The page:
Another week goes by and another week where a streamer lands themselves in hot water. When you're in the public eye, you are in the public eye. Your fans are watching, your potential fans are watching, and it's a fantastic way to spend time playing the games you love while sharing that experience with others of similar interest. That being said, it's also a time that some use to talk about personal matters or world-affairs. One streamer, however, seemed to forget how to be a decent adult as he went on a viral rant about his fellow women streamers and it once again sparked an age old debate.
Last week, streamer Trainwreck had his own little train wreck when he went on a hateful rant about "god damn sluts" "ruining" the industry. In his tirade, he claimed his lower views were because these 'nasty women' were "stealing" viewers from more "deserving" streamers. This of course flared the topic of discussion that comes in waves about women in the streaming industry and expectations vs. reality, and more specifically - women that stream that choose to put on more of a "show" regarding their audience with clothing choices.
"This used to be a god damn community of gamers, nerds, kids that got bullied, kids that got fucked with, kids that resorted to the gaming world because the real world was too fucking hard, too shitty, too lonely, too sad and depressing. The same sluts that rejected us, the same sluts that chose the god damn cool kids over us. The same sluts that are coming into our community, taking the money, taking the subs, the same way they did back in the day."
The rant was a longer one but it did end up with a five day ban for Trainwreck, but the effects are something that is more than just a temporary ban. The topic of what a streamer wears, male or female, seems a little redundant but then the fire wouldn't be what it is if both sides didn't have some realistic grounds for concern or grounds for approval. It is a community, and communities do have guidelines. However, his rant isn't one of an educated hypothesis - instead, it's an overly emotional, irrational, and hateful remark on a community that in turn supports his very work.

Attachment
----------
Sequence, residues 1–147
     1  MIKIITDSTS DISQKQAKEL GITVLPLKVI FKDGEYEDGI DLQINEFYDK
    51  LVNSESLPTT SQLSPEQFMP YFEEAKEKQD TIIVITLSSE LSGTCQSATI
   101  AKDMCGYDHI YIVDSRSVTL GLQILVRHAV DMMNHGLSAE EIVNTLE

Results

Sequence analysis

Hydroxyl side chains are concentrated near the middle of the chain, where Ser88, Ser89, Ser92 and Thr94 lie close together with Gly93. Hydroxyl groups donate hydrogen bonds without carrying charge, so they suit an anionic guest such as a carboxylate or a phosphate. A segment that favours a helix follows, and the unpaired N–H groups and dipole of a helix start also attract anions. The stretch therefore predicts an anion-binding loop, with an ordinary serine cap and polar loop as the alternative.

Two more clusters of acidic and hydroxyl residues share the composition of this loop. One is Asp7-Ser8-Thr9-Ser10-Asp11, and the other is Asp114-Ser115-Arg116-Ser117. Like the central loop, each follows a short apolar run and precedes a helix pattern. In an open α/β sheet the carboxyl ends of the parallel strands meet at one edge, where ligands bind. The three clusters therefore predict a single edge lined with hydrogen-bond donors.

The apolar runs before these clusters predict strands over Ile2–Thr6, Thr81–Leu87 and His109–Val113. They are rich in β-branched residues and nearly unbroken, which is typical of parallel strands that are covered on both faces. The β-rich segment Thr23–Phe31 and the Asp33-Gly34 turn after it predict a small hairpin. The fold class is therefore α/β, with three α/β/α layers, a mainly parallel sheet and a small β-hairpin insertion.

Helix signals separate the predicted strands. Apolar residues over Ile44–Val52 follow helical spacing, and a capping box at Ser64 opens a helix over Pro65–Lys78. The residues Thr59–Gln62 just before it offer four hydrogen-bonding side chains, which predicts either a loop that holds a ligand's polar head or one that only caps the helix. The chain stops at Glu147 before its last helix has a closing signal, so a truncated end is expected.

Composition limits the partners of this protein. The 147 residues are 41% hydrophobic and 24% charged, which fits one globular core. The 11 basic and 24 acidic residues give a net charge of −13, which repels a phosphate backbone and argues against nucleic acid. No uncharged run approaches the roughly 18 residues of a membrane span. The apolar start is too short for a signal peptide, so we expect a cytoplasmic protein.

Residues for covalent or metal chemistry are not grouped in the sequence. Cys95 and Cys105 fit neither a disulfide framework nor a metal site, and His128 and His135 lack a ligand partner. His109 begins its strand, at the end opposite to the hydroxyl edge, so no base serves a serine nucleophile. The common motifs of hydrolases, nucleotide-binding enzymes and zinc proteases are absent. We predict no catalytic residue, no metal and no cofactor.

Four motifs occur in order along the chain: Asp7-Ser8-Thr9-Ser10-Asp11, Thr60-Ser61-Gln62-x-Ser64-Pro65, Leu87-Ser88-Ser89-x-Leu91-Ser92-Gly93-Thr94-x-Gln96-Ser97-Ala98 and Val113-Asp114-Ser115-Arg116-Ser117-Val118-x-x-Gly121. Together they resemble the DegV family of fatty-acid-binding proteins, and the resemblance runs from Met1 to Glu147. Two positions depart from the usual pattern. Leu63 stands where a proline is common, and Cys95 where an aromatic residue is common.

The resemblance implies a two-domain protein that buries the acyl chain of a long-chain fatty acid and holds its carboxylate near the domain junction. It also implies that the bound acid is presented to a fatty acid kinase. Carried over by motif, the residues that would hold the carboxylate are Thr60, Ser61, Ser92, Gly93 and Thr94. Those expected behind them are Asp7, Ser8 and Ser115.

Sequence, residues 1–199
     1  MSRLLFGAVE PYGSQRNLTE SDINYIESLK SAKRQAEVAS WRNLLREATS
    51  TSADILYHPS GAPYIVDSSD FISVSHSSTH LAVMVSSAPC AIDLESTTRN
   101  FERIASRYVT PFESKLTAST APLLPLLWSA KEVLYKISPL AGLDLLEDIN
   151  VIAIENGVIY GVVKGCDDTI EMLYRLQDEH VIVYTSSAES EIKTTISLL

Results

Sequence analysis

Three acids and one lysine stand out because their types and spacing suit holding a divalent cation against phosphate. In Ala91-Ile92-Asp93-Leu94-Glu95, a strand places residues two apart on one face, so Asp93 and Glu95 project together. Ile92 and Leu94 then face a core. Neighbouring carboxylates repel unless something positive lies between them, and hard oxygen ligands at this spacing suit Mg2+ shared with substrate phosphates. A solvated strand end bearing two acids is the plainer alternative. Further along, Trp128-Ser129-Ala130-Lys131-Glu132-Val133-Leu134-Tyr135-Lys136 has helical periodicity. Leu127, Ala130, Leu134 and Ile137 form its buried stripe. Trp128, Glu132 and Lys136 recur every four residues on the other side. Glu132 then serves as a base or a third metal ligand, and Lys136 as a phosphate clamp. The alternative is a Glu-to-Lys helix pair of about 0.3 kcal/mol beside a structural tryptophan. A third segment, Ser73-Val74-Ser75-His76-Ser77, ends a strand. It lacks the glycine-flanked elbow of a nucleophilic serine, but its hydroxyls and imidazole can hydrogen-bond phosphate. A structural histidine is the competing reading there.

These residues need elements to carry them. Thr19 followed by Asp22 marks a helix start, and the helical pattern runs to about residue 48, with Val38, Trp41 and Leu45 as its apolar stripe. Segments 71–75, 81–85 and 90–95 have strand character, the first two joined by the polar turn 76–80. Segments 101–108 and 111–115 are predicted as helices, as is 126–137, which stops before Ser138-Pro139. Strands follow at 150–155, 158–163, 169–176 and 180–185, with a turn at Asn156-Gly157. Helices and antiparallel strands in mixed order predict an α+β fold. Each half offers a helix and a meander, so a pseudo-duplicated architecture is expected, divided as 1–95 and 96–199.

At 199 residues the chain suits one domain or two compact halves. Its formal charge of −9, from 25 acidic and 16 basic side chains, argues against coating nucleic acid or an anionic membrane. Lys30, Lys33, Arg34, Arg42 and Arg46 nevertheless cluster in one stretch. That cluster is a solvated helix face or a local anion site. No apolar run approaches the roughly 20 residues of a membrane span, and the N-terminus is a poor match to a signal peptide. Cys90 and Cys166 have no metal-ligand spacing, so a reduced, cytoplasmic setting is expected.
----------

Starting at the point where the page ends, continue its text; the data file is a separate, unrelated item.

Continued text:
The age old debate.
According to Trainwreck, he doesn't understand why he was banned "for a week for pointing out that Twitch allows girls to live out their cam girl fantasies," as he mentioned to a fellow YouTuber. This isn't a new issue, it's not the first streamer to voice their concerns over the more racier streamers on the web. It's not even the first time this particular streamer has brought it up. Over a year ago he was banned for a similar rant.
But, as mentioned, it does bring back and older conflict: for the women that play games on a stream, is it wrong for them to market themselves a certain way? Many see it as their right to market themselves as they see fit. Using sex appeal as a part of a brand is nothing new, not even in the slightest. Look at any ad campaign in the last 50 years. Hell, you can go way further with that but that's not the point here. Where some have no problem with it (dare we say many expect it/want more), others find the use of sex appeal unfair and depleting of other streamers out there that either do not want to use their sex appeal, or the males that can't corner that particular market.
Twitch's own community standards state that nudity or overtly sexual behavior is not allowed, "any content or activity involving pornography, sexual intercourse, or adult services" are also terms for being banned. But some streamers are hailed for abusing sex appeal when they wear a slightly revealing shirt, regardless if that is their day to day attire or not. So it brings up an interesting point for the streaming community.prevnext
Many were quick to show their support for Trainwreck, and the thread to his video soon blew up with many shows of sympathy:
"The fact that Twitch turns a cold shoulder to these girls making money off of showing their tits and ass is just a big pissoff. I remember when their credo used to be "Let's keep it about the games."